Old stone terraces lined the hillsides to prevent erosion. They became as much a part of the landscape as the trees. Little masos, huts in the middle of the vineyards, provided shelter from the hot sun. Mules plowed the earth and transported the grapes. These remnants of history are still in use today. Efforts to establish the Priorat as a UNESCO World Heritage Site are underway to lend further credibility to the value of this heritage.
The DOQ has legislation in place to control the wine sector’s growth. Forty percent of all land must remain forest. There are limits to the depth of new terraces, and on the steeper slopes they are forbidden. Studies are ongoing to monitor cause and effect to ensure that innovation does not replace more essential values.
The fact that Priorat vines have to go so deep to find water is actually a cause for concern, particularly amidst the threat of global warming. Growth brings tourism and the amenities to support it. Serious measures are required to conserve water, preserve its quality and limit carbon emissions to ensure that growth is sustainable in the future.
Belief in the value of history and the willingness to devote oneself to preserving it requires vision and fortitude. As Francesc Capafons, one of the padróns of the Priorat, says, “People love their land in the Priorat. With mindfulness it should not be hard to preserve it."
In the mid-1880s the Priorat was enjoying one of its periods of great prosperity. When phylloxera hit France, winemakers there looked to the Priorat to fulfill their needs. Negotiants bought in bulk. Planting increased and the landscape was covered with vines as far as the eye could see.
But then France stopped allowing imports and Spain lost its colonies. No one was buying the wines anymore. Finally, phylloxera found its way over the Pyrenees, spreading its devastation into the Priorat. There was no money to replant and people were forced to move to the cities to make a living. The vineyards disappeared into overgrowth. The Priorat was wild again.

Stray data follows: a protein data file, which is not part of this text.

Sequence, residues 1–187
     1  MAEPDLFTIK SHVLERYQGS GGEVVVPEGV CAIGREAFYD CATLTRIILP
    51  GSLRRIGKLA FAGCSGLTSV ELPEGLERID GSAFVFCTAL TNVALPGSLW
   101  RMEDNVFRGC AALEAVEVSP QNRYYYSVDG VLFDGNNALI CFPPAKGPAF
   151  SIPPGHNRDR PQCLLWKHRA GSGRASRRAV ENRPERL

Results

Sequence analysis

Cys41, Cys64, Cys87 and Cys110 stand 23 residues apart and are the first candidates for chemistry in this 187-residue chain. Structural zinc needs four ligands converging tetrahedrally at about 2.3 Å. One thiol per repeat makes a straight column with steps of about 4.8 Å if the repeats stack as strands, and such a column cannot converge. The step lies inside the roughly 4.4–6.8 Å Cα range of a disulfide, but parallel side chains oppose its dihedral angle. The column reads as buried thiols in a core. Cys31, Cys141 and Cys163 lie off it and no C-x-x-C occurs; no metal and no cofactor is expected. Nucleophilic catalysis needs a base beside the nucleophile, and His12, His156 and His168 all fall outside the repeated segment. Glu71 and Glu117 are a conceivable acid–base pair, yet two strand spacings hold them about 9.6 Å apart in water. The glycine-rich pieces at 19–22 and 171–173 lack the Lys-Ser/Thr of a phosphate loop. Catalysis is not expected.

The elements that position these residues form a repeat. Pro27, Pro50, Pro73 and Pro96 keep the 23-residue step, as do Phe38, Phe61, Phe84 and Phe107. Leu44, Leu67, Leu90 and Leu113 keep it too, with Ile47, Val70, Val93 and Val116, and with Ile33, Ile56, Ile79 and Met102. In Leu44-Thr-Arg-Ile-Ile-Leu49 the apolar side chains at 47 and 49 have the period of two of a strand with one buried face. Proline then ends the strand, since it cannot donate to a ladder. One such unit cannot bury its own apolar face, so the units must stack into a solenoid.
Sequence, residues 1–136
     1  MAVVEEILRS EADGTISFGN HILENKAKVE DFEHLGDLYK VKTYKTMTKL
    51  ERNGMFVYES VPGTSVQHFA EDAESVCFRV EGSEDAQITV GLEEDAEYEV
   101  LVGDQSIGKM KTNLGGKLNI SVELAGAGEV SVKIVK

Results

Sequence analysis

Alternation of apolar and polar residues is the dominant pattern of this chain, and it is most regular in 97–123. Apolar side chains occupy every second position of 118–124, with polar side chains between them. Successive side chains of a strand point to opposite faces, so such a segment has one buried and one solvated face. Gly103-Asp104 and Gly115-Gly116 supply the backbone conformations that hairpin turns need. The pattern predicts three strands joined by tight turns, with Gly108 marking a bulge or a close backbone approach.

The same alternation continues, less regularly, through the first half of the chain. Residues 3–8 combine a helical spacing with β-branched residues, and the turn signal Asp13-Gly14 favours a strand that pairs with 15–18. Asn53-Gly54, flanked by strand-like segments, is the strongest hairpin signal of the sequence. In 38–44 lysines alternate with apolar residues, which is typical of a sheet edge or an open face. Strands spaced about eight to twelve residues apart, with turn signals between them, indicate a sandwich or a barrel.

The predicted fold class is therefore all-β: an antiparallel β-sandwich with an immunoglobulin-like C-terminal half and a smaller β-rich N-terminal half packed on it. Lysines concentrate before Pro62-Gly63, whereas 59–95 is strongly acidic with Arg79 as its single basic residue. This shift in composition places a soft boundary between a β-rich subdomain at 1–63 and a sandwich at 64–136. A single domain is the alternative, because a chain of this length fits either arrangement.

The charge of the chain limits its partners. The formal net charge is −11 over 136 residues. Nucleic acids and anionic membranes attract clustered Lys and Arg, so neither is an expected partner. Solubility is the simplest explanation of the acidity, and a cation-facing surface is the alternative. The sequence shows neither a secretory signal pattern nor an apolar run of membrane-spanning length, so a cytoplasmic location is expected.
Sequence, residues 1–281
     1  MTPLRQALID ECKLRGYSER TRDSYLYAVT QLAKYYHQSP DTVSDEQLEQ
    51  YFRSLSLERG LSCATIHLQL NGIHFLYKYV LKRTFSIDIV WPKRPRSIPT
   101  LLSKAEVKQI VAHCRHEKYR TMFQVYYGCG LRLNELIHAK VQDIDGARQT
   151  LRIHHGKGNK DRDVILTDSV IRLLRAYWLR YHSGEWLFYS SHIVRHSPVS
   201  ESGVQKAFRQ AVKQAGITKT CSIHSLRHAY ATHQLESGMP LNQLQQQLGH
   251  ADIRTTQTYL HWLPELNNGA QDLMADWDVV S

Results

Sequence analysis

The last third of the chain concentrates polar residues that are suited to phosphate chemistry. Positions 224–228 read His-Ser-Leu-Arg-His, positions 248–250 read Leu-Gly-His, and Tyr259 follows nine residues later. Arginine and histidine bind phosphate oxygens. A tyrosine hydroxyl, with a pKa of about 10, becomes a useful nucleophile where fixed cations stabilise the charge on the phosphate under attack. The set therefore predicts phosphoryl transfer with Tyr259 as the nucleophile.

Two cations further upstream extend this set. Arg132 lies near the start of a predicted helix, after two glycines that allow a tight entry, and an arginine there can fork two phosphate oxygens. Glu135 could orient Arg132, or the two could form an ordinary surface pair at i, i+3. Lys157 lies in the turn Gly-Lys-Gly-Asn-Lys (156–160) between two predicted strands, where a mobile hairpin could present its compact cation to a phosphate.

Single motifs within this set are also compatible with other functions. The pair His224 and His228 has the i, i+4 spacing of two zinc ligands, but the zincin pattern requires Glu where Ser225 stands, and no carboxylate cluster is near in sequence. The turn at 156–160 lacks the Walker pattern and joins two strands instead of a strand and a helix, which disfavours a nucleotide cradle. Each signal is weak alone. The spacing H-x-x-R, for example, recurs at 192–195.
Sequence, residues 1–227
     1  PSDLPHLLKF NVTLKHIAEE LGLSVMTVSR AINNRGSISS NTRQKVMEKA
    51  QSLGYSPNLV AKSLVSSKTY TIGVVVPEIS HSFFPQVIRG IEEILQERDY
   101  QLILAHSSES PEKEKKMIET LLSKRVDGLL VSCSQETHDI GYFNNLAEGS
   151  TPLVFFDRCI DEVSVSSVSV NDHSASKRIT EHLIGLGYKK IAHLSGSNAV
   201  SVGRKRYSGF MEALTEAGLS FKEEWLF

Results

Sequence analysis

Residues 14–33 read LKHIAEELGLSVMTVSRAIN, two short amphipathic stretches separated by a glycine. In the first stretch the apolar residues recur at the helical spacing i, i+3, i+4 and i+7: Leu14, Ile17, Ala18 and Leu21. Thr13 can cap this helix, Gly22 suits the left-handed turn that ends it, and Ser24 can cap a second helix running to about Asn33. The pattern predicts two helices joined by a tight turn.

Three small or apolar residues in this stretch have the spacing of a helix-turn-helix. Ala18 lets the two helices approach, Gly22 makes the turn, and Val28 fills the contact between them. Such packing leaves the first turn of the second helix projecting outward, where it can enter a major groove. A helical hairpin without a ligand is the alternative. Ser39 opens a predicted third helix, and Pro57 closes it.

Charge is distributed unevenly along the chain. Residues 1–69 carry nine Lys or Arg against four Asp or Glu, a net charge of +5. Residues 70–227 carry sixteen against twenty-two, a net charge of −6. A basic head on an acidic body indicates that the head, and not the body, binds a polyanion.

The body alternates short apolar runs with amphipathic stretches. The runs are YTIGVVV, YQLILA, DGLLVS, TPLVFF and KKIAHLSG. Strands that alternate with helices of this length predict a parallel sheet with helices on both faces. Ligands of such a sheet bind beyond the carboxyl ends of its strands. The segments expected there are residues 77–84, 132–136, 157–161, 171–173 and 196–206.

The Priorat has experienced firsthand how sustainability is a matter for more than just the land. Sustainability is a delicate balance that requires attention to both natural and societal growth; cultivated and forest lands, mechanization versus tradition, biodiversity, the availability of natural resources and energy, and tourism all contribute to a sustainable outcome.
Gazing out into the landscape, listening to the sounds of life, one recognizes why this tiny place in the middle of Catalunya is an oasis worth preserving. History has delivered great highs and intense lows to the Priorat, so the impulse to get what you can while you can is a matter of survival. But at the same time, people are fiercely protective of their land. They know what it means to their survival. Perhaps, in the past, the ebbs and flows of prosperity happened in order to manage the growth of the region. Maybe now, with greater accessibility to outside ideas, the Priorat can continue to thrive without compromising sustainability.
Ethos Priorat is vividly panoramic. It is best viewed in landscape format to fully enjoy the experience.